In the process of thinking through how to form my boys' attitudes and behaviors towards certain bits of their little anatomies, it seemed to me time to
make a shameless attempt to get comments on my blog address our reasoning for choosing not to have them circumcised-- or, as I like to put it, leaving them intact.
We did our research, of course. It didn't really help with the decision making process. When we are talking about hygiene and health, sexuality and aesthetics, there are lots of arguments for circumcision. There are a lot of arguments against it.
Ultimately, our decision was a theological one. We chose to leave our boys intact for the same reason we chose to have them baptized: we are not part of the old covenant; we are part of the new.
The New Testament is full of this idea, but I think Colossians 2 sums it up pretty well:
For in Christ all the fullness of the Deity lives in bodily form, and you have been given fullness in Christ, who is the head over every power and authority. In him you were also circumcised, in the putting off of the sinful nature, not with a circumcision done by the hands of men but with the circumcision done by Christ, having been buried with him in baptism and raised with him through your faith in the power of God, who raised him from the dead. --Colossians 2:9-12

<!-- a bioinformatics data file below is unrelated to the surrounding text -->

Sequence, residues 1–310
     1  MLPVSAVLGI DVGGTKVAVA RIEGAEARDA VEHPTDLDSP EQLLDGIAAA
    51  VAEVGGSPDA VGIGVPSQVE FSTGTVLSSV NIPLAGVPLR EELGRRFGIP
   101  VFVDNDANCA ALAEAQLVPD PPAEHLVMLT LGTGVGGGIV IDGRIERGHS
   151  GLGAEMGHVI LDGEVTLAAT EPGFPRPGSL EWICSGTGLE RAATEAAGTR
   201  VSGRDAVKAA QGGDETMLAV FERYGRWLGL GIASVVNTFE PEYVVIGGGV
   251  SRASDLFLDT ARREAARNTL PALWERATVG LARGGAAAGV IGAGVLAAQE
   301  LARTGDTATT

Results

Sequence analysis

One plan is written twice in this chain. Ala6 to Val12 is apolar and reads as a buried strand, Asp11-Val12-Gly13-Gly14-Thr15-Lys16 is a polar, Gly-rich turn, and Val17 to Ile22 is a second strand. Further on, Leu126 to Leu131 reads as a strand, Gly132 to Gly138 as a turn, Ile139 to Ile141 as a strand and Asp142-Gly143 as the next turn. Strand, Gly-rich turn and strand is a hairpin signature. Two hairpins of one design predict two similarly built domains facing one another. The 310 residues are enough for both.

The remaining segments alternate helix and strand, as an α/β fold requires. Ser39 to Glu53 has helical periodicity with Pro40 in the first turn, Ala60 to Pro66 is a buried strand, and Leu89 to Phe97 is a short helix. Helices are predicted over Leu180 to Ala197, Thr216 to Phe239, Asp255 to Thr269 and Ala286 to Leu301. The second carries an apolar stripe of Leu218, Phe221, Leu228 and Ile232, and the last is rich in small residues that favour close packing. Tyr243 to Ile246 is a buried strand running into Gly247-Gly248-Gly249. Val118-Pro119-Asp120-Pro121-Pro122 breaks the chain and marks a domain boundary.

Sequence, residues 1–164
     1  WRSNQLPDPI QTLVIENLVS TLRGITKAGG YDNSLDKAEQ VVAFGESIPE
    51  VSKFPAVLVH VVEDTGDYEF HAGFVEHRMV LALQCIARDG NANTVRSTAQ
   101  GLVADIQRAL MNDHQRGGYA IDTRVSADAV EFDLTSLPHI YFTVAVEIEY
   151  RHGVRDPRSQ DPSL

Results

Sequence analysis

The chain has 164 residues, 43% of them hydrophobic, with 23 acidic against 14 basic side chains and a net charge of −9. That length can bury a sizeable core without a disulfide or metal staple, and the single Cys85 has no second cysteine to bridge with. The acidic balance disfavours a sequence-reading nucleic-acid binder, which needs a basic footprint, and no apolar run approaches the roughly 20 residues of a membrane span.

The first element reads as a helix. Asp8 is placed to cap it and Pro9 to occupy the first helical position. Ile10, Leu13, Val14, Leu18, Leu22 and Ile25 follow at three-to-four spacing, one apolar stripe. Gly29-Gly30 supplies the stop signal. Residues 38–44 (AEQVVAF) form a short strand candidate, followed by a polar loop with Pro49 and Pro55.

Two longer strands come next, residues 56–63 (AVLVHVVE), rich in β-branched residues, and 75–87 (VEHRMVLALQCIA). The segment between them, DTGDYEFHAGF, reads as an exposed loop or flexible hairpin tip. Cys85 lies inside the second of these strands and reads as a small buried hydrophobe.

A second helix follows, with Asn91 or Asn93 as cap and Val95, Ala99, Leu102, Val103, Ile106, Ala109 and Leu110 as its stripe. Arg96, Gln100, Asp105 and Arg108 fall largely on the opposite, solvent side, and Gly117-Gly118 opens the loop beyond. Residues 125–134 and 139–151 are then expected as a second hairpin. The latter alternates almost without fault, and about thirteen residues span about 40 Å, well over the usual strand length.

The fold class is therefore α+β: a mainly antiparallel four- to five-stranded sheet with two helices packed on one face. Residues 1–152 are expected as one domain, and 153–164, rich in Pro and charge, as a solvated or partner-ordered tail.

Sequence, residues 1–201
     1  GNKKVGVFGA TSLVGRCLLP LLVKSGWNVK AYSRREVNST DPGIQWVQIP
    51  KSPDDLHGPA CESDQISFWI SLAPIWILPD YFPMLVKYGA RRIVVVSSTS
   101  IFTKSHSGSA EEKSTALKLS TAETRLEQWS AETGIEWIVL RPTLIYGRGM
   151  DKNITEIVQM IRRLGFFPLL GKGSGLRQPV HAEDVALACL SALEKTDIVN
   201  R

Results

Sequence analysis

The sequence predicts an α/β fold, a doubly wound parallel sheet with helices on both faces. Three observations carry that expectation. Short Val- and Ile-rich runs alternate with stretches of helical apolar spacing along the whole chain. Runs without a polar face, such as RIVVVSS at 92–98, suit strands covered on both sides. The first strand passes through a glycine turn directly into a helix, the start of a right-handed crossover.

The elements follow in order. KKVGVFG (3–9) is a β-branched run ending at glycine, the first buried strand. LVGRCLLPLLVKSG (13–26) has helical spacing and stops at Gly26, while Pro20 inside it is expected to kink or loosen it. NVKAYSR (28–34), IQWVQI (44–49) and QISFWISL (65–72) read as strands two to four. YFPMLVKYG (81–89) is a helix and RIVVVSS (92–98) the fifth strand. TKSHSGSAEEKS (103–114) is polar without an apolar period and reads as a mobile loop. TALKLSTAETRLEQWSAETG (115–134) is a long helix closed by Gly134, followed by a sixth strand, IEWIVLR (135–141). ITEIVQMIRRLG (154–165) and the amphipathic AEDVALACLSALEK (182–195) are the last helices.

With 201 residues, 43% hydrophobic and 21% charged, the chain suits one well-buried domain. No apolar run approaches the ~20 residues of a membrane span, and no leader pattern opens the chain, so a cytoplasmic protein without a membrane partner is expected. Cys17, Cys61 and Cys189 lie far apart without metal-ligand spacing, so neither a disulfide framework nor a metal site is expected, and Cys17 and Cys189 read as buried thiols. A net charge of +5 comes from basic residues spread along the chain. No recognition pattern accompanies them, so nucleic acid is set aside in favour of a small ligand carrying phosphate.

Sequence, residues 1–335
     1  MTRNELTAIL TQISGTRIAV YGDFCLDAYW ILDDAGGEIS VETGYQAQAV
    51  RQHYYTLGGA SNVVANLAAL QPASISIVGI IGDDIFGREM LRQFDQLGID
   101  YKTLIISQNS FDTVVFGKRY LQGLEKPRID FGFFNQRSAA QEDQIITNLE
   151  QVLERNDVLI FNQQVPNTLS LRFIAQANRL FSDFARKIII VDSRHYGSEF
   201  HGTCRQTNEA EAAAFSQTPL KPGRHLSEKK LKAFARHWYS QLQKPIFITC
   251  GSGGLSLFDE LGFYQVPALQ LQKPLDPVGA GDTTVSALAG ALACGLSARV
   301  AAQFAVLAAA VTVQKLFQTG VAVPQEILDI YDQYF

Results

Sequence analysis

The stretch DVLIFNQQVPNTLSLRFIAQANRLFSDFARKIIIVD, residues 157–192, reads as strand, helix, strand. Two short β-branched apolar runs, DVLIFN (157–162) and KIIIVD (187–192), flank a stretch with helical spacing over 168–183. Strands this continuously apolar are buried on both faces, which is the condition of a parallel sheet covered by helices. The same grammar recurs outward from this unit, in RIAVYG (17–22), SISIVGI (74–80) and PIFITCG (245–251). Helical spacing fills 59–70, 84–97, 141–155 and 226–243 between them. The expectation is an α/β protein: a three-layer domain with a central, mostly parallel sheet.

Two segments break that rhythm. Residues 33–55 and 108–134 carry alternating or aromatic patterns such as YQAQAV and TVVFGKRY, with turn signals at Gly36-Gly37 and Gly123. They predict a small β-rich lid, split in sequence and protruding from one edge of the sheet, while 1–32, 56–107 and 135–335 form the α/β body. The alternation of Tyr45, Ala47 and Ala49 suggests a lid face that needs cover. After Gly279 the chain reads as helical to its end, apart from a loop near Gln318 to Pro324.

Circumcision was the old sign of membership in God's covenant family; the new sign is baptism in Christ Jesus. Just as the law of Moses dictated that baby boys receive the mark of membership in the covenant family, under the new covenant we baptize our children (all of them! not only boys) as a mark of membership in the new covenant of grace.
Note that the parallel holds up: a baby could be circumcised but fail to keep the covenant when he was grown, thus not fully entering in to his heritage and promise as part of the community. We baptize our children, but expect them to choose a saving relationship with Christ as they mature into adulthood; otherwise the baptism is emptied of its significance.
Right now their baptisms represent the hope and promise of grace. We have left their bodies intact because we believe in the reality of what has been promised: that they have been "sealed by the Holy Spirit in baptism and marked as Christ's own forever."